Waking up the Monday after GiveCamp is always the most relaxing morning of the year. It's juxtaposed with the two preceding days where sleep is hard to come by and each morning you are reminded of all of the work that needs to get done that day.
What is GiveCamp?
Cleveland GiveCamp is an incredibly well-organized event that takes place in Cleveland, OH every year that benefits non-profit organizations in the area. The basic flow of events is this:
- A local non-profit needs a problem solved through technology but does not have the personal or financial means to solve it themselves.
- They apply to GiveCamp to have volunteers solve said problem for them.
- After a very long weekend, they leave GiveCamp with a (hopefully) working and maintainable solution to their problem.
Every year the event has ~200 volunteers who handle everything from design, development, implementation, and copy writing, to food, setup, and cleanup.
The event is a time where you can meet like-minded people, make meaningful connections with others, and do some good in the world.
What did Coffee and Code do?
We proudly play many roles in helping GiveCamp become the successful event that it is today. Did I mention that it's the nations largest and most well-sponsored GiveCamp event?
We were more than happy to become one of the many sponsors of this event, helping to ensure that it had the funds it needed to make sure every team had the supplies they need to succeed.
2. Organizer & Fire Extinguisher
Photo by GiveCamp photographers
Jon Knapp, founder of Coffee and Code, is a recurring organizer for GiveCamp as well as a member of Team Y. Call them all-stars, fire extinguishers, or red-shirts, Team Y was the group that you called when something went wrong. They are seasoned members of the community that are veterans in flipping a train wreck into a smooth delivery.
Photo by GiveCamp photographers
Byron Delpinal, developer at Coffee and Code, is a second-year volunteer and member of Team M. His team helped the Northeast Ohio Voters Advocates better show their goals to a wider audience through a newly branded and designed website. This allows them to showcase who they are to a wider group of people. They now have a mobile-friendly site and can even take donations online!
What's the weekend like?
A weekend at GiveCamp takes roughly 400 hours to complete in the minds of those that attend. In reality, it's a 72-hour weekend.
Day One: Plan and Begin
Volunteers arrive and check-in Friday around 5PM where they are assigned a team. Each team is a single letter. At this point, the volunteer doesn't know which non-profit they're working with, or who their other team members are. There is a 30min opening ceremony , and then its off to dinner. Oh my gosh, dinner. The food at GiveCamp is so top-notch, seriously. I can't say enough about it. At dinner, you are assigned an eating / working area where you finally meet your team and non-profit all at once. This is a meet and greet where you get to find out what work you'll be completing and who you'll be completing it with.
After dinner, the project manager starts assigning tasks and it's off to the races! Teams work hard to start gathering the resources they need and syncing up development environments. Day one usually starts winding down after the last stand-up at 11PM, but teams can be seen working on the boat until very early in the morning. At the end of this day, you should have mapped out what this project looks like and how you're planning to tackle this.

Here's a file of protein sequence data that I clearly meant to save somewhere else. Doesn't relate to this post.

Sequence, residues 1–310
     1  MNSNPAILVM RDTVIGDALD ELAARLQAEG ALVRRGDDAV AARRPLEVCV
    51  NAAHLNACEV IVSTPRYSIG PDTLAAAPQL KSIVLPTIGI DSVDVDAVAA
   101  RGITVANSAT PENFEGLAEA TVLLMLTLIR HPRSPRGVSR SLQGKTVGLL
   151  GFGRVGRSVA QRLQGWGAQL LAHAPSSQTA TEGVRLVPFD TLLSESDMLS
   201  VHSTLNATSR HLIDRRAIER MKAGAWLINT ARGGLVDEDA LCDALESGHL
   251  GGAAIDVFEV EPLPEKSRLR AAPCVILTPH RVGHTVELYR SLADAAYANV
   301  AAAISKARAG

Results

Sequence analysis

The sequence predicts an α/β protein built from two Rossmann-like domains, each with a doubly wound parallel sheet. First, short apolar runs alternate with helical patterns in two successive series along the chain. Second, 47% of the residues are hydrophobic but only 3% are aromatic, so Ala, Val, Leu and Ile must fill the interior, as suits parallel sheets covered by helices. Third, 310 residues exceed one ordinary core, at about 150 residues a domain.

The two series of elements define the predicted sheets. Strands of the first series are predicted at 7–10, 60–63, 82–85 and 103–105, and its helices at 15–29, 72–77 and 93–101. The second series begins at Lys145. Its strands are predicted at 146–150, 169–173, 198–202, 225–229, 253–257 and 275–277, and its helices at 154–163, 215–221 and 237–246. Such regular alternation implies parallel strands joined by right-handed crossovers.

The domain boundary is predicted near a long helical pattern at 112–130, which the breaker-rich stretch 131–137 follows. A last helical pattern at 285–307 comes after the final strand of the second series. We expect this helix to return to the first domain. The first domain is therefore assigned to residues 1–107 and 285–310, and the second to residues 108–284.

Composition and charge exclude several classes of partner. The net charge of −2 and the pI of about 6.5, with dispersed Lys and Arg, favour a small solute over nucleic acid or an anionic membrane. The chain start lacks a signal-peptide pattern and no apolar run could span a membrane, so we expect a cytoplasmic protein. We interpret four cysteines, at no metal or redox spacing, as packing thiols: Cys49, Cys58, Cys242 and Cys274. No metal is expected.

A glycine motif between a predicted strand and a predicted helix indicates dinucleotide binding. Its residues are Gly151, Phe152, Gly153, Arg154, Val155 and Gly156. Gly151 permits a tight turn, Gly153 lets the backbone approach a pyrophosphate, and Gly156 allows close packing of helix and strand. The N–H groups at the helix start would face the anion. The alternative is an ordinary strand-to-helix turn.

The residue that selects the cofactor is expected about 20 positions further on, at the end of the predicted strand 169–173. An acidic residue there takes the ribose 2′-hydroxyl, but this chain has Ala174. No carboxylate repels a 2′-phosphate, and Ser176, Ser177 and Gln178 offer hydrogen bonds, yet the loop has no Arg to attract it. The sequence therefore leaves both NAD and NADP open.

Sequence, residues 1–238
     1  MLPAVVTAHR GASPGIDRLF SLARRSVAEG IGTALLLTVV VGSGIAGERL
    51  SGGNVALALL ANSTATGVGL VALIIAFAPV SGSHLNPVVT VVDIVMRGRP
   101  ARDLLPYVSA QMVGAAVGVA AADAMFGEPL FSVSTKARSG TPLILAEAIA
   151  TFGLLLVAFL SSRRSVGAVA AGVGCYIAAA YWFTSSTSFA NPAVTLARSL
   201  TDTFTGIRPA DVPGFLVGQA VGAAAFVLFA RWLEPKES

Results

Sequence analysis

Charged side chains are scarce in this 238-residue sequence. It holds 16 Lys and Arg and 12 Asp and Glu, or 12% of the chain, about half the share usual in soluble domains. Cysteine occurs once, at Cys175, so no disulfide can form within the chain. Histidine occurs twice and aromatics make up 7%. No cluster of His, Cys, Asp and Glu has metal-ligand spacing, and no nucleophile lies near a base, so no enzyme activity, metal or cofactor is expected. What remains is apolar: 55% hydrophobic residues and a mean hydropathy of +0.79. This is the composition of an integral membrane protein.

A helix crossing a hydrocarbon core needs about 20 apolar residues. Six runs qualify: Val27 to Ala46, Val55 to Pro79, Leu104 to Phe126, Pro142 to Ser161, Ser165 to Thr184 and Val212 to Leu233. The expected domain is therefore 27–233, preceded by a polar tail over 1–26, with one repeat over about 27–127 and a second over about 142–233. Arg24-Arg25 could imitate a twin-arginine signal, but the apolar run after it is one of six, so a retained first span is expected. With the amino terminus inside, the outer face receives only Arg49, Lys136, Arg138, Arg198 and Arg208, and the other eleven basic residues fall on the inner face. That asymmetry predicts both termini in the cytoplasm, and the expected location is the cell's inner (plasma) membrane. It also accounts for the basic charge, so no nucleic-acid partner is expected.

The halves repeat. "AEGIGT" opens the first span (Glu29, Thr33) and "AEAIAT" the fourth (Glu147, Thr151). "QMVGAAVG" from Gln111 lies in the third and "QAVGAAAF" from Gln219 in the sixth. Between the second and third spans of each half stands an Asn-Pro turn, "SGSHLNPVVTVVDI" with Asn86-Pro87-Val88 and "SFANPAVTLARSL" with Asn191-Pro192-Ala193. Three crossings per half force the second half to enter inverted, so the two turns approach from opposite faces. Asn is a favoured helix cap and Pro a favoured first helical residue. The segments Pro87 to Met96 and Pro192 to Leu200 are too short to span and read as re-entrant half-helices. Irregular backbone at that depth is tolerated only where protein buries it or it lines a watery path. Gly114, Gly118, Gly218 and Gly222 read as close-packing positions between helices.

Day Two: Collaborate and Work
Photo by Anna Kiss Mauser-Martinez
On Saturday, breakfast is served at 7:30AM. Teams eat and begin working around 8. At this point, the team usually has a fairly good understanding of the direction of the project as well as what each members role in that will look like. Task lists are created and teams go to work on their collaborative solution.
Depending on how large your project is, Saturday can become anywhere from a 12 to a 20 hour work day. This is where the real magic of GiveCamp happens, and most of the work is done. The organizers of this event do an amazing job of making sure that whatever it is that keeps you going is there to support you. Whether you work best on low-carb energy bars, fruit, coffee, donuts, cupcakes, or chips, there are snacks and drinks available 24/7. The planned meals, again, are on a league of their own.
Day Three: Finish up and Present
Waking up Sunday is a very different experience for everyone. Some projects have been finished and are writing documentation for their non-profits while others have three members from Team Y in their work space. No matter where you are on that spectrum, don't panic. Sometimes things happen that aren't ideal and that's ok, remember that everyone is there to help. This year there was a 100% project success rate, which only happens when you truly have a community that is focused on helping others. Egos are put aside, frustrations are calmed, and everyone does whatever is necessary to get the projects completed.
Closing ceremonies are at 4PM where each project is presented to the group. This is when you can finally relax your mind and enjoy the fact that no matter which project you were on, you helped someone that needed it. Regardless of your stress level throughout the weekend, you leave with a big smile and a feeling of satisfaction.